The 12th magnitude secondary companion, designated component B, is a double-lined spectroscopic binary[23] which is 13 arcseconds away in the sky. It has a stellar classification of M2.5 V,[4] matching a class M red dwarf.

In culture[edit]

In the Chinese folk tale The Cowherd and the Weaver Girl, Beta and Gamma Aquilae are children of Niulang (牛郎, The Cowherd, Altair) and Zhinü (織女, The Princess, Vega).

The Koori people of Victoria knew Beta and Gamma Aquilae as the black swan wives of Bunjil (Altair), the wedge-tailed eagle.[24]


  1. ^ a b c d e f van Leeuwen, F. (2007), "Validation of the new Hipparcos reduction", Astronomy and Astrophysics, 474 (2): 653–664, arXiv:0708.1752, Bibcode:2007A&A...474..653V, doi:10.1051/0004-6361:20078357, S2CID 18759600.
  2. ^ a b Eggleton, P. P.; Tokovinin, A. A. (2008), "A catalogue of multiplicity among bright stellar systems", Monthly Notices of the Royal Astronomical Society, 389 (2): 869, arXiv:0806.2878, Bibcode:2008MNRAS.389..869E, doi:10.1111/j.1365-2966.2008.13596.x, S2CID 14878976.
  3. ^ Gray, R. O.; et al. (July 2006), "Contributions to the Nearby Stars (NStars) Project: spectroscopy of stars earlier than M0 within 40 pc-The Southern Sample", The Astronomical Journal, 132 (1): 161–170, arXiv:astro-ph/0603770, Bibcode:2006AJ....132..161G, doi:10.1086/504637, S2CID 119476992.
  4. ^ a b Montes, D.; et al. (September 2018), "Calibrating the metallicity of M dwarfs in wide physical binaries with F-, G-, and K-primaries - I: High-resolution spectroscopy with HERMES: stellar parameters, abundances, and kinematics", Monthly Notices of the Royal Astronomical Society, 479 (1): 1332–1382, arXiv:1805.05394, Bibcode:2018MNRAS.479.1332M, doi:10.1093/mnras/sty1295.
  5. ^ a b Oja, T. (August 1986), "UBV photometry of stars whose positions are accurately known. III", Astronomy and Astrophysics Supplement Series, 65 (2): 405–4, Bibcode:1986A&AS...65..405O.
  6. ^ a b Jofré, E.; et al. (February 2015), "Stellar parameters and chemical abundances of 223 evolved stars with and without planets", Astronomy & Astrophysics, 574: 46, arXiv:1410.6422, Bibcode:2015A&A...574A..50J, doi:10.1051/0004-6361/201424474, S2CID 53666931, A50.
  7. ^ Anderson, E.; Francis, Ch. (2012), "XHIP: An extended hipparcos compilation", Astronomy Letters, 38 (5): 331, arXiv:1108.4971, Bibcode:2012AstL...38..331A, doi:10.1134/S1063773712050015, S2CID 119257644.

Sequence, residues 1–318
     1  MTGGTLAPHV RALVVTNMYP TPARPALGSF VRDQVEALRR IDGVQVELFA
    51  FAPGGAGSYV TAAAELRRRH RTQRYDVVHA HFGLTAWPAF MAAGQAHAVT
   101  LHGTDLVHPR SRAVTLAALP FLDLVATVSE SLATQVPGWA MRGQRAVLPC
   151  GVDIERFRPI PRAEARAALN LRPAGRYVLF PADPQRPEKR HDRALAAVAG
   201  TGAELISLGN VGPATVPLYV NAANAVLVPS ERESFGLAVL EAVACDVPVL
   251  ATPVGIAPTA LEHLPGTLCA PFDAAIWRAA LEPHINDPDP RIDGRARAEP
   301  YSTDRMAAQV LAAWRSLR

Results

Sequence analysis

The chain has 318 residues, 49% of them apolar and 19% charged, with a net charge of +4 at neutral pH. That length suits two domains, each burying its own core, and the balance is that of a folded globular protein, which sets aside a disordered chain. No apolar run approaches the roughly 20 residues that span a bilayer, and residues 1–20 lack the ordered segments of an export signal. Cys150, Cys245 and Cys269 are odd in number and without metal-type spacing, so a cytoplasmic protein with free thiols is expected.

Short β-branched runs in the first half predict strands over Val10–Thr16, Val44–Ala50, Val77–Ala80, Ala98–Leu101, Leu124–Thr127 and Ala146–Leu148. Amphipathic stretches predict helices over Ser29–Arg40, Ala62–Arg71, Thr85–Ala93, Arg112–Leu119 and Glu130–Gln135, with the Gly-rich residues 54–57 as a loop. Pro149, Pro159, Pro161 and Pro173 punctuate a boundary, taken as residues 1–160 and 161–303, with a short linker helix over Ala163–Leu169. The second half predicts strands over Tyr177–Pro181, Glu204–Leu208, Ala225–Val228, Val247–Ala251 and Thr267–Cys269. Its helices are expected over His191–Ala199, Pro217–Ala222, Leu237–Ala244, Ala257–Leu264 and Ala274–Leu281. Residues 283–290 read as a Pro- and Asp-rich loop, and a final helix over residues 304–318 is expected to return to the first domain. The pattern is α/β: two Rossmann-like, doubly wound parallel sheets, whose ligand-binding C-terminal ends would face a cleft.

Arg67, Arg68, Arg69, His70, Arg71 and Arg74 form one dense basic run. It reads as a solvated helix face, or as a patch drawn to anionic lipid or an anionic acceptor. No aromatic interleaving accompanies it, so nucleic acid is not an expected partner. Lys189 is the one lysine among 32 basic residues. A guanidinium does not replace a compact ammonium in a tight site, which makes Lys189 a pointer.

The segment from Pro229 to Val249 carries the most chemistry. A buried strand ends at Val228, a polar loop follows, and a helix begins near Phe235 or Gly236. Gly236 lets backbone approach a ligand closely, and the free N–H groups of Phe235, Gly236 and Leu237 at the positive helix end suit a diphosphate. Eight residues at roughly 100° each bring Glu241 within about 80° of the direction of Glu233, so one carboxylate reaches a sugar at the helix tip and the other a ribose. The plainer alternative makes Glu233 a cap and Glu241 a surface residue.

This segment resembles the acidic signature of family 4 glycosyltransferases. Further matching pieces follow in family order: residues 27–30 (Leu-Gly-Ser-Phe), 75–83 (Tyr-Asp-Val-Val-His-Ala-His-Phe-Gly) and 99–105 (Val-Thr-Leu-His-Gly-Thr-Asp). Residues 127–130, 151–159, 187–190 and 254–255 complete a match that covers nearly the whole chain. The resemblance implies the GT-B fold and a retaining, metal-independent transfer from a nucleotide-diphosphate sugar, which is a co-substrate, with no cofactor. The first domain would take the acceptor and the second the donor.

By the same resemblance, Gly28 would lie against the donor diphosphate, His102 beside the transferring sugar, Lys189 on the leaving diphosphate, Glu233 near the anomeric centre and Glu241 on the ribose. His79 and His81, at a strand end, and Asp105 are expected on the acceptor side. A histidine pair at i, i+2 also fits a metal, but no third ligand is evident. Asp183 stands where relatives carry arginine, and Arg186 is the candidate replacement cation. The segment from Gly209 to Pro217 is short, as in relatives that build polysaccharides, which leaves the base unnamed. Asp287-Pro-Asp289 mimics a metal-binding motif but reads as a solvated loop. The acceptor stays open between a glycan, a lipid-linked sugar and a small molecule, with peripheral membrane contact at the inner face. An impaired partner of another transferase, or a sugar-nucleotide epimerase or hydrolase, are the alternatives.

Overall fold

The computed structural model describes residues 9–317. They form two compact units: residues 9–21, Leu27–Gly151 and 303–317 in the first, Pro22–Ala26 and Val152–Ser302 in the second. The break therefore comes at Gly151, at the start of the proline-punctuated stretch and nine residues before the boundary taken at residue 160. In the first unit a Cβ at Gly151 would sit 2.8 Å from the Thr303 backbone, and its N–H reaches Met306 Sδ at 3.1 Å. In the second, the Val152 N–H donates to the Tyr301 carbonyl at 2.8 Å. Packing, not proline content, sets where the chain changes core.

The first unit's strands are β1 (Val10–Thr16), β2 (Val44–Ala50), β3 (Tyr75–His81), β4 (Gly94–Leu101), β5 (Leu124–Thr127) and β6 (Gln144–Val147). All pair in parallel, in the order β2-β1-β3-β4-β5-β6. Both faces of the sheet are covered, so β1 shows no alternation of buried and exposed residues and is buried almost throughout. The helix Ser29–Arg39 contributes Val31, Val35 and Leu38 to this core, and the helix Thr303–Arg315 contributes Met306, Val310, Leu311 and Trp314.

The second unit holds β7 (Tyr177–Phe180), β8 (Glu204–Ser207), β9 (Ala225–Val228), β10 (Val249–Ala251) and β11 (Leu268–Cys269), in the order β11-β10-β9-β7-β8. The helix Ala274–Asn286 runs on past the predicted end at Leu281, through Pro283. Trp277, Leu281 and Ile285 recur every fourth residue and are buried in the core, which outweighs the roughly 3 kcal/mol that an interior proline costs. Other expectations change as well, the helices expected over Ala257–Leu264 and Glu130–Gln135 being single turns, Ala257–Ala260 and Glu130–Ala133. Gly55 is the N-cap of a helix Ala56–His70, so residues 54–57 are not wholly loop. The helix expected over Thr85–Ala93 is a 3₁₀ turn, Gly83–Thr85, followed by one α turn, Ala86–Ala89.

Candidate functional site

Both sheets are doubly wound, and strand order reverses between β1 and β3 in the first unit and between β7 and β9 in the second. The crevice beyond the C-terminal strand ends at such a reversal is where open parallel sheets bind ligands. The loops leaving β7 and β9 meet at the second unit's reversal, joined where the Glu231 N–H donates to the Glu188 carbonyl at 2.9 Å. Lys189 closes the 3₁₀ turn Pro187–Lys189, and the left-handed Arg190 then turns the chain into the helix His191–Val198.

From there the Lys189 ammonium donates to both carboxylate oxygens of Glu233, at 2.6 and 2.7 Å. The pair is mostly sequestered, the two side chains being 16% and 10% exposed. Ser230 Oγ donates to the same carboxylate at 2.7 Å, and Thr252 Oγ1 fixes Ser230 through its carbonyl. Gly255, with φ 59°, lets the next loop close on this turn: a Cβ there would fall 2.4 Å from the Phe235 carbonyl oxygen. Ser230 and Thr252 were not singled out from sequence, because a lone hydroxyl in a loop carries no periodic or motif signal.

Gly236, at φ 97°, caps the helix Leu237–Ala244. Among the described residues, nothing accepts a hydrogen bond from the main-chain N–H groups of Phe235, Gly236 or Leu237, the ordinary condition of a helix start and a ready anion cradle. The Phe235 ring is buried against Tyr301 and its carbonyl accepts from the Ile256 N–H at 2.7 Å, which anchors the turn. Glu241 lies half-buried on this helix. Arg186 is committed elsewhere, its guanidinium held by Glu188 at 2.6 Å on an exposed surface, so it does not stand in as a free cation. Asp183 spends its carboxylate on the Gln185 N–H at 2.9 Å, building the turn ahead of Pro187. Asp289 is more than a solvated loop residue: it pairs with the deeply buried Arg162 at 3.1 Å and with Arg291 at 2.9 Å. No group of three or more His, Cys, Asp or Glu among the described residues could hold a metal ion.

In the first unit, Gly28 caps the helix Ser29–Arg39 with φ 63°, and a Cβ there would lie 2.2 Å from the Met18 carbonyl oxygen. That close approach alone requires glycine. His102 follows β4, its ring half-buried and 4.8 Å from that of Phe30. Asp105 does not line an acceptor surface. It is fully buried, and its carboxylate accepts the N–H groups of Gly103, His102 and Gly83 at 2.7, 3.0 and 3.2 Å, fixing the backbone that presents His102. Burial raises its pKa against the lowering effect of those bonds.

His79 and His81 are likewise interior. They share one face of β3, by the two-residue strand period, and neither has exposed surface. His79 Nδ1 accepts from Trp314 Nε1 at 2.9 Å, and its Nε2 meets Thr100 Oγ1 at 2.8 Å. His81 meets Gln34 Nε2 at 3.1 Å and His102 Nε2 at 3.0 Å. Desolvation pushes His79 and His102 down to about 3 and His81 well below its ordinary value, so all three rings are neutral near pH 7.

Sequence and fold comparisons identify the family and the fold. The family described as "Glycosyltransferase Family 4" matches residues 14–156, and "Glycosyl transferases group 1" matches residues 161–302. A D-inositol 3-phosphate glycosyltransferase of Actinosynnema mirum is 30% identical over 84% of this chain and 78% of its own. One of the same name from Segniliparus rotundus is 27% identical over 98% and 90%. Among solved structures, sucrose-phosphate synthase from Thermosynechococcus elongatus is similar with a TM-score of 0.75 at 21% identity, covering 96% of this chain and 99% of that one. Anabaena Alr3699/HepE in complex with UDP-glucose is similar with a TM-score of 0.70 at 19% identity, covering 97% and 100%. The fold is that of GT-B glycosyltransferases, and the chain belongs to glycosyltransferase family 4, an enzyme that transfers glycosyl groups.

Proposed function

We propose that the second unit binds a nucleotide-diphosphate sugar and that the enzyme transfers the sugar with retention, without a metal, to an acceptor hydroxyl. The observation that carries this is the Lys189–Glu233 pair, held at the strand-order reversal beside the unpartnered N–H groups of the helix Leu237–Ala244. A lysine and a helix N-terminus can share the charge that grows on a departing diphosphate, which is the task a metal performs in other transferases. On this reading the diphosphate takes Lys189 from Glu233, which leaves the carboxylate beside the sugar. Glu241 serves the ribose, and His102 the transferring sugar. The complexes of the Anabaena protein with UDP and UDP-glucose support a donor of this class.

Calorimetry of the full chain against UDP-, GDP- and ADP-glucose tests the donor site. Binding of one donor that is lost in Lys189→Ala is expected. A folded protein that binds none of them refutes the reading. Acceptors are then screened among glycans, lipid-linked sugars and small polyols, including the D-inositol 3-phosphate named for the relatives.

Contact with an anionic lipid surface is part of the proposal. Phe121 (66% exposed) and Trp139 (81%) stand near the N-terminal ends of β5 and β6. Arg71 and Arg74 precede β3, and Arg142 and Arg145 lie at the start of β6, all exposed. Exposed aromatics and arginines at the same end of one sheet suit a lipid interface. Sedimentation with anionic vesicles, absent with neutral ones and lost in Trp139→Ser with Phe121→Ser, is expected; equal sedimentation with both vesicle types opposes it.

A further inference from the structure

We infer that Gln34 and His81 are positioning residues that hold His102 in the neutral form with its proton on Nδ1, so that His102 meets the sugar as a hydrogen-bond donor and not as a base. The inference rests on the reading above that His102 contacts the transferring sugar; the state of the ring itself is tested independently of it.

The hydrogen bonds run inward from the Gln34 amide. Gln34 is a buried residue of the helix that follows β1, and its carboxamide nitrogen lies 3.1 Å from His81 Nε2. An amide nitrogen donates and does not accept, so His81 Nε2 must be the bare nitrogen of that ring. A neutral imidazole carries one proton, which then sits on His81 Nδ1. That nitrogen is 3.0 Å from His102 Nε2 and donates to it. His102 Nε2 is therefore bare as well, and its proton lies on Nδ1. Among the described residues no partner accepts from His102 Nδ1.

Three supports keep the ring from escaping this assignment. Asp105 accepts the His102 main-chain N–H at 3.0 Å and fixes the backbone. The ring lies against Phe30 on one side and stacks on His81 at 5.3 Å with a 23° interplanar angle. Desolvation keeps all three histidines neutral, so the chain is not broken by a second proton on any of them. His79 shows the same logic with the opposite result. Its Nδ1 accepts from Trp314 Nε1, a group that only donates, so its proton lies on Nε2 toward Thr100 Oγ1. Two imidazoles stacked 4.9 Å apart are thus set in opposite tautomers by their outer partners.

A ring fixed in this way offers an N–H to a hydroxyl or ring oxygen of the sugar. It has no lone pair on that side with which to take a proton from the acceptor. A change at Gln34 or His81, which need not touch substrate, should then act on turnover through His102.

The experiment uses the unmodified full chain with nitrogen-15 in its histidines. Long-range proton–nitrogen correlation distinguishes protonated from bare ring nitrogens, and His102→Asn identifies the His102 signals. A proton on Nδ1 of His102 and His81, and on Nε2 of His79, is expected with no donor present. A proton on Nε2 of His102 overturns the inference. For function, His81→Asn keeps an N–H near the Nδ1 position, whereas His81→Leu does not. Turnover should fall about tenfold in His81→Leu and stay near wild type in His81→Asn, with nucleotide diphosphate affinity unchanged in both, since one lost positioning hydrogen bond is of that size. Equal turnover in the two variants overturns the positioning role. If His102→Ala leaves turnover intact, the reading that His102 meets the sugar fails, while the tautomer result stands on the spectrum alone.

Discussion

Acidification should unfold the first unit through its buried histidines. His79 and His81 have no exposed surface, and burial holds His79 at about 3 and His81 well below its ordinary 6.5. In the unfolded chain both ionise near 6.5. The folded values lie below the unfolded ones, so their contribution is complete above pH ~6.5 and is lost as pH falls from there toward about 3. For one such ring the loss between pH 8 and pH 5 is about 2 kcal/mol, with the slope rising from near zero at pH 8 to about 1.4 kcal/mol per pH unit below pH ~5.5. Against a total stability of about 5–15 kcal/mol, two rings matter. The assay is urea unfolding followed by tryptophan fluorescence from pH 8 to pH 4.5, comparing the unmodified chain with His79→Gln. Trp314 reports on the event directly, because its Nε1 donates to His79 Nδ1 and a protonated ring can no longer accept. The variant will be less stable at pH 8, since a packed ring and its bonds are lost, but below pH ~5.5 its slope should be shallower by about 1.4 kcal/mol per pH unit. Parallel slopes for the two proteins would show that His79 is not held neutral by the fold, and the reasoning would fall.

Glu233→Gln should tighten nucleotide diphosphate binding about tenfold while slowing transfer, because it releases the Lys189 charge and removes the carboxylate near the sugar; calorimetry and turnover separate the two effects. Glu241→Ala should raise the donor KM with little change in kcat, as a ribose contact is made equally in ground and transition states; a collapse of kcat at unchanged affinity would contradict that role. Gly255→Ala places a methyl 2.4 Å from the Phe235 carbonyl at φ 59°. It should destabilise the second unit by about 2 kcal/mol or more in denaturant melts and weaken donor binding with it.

8. ^ a b Rains, Adam D.; et al. (April 2020), "Precision angular diameters for 16 southern stars with VLTI/PIONIER", Monthly Notices of the Royal Astronomical Society, 493 (2): 2377–2394, arXiv:2004.02343, Bibcode:2020MNRAS.493.2377R, doi:10.1093/mnras/staa282, S2CID 214802418
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  10. ^ a b c Butkovskaya, Varvara; et al. (February 2018), "Long-term stellar magnetic field study at the Crimean Astrophysical Observatory", Long-term Datasets for the Understanding of Solar and Stellar Magnetic Cycles, Proceedings of the International Astronomical Union, IAU Symposium, vol. 340, pp. 35–38, Bibcode:2018IAUS..340...35B, doi:10.1017/S1743921318001035, S2CID 125610540.
  11. ^ Mamajek, Eric E.; Hillenbrand, Lynne A. (November 2008), "Improved Age Estimation for Solar-Type Dwarfs Using Activity-Rotation Diagnostics", The Astrophysical Journal, 687 (2): 1264–1293, arXiv:0807.1686, Bibcode:2008ApJ...687.1264M, doi:10.1086/591785, S2CID 27151456
  12. ^ Fuhrmann, K.; et al. (February 2017), "Multiplicity among Solar-type Stars", The Astrophysical Journal, 836 (1): 23, Bibcode:2017ApJ...836..139F, doi:10.3847/1538-4357/836/1/139, 139.
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  14. ^ a b "Naming Stars". Retrieved 3 March 2018.
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  19. ^ (in Chinese) 中國星座神話, written by 陳久金. Published by 台灣書房出版有限公司, 2005, ISBN 978-986-7332-25-7.
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External links[edit]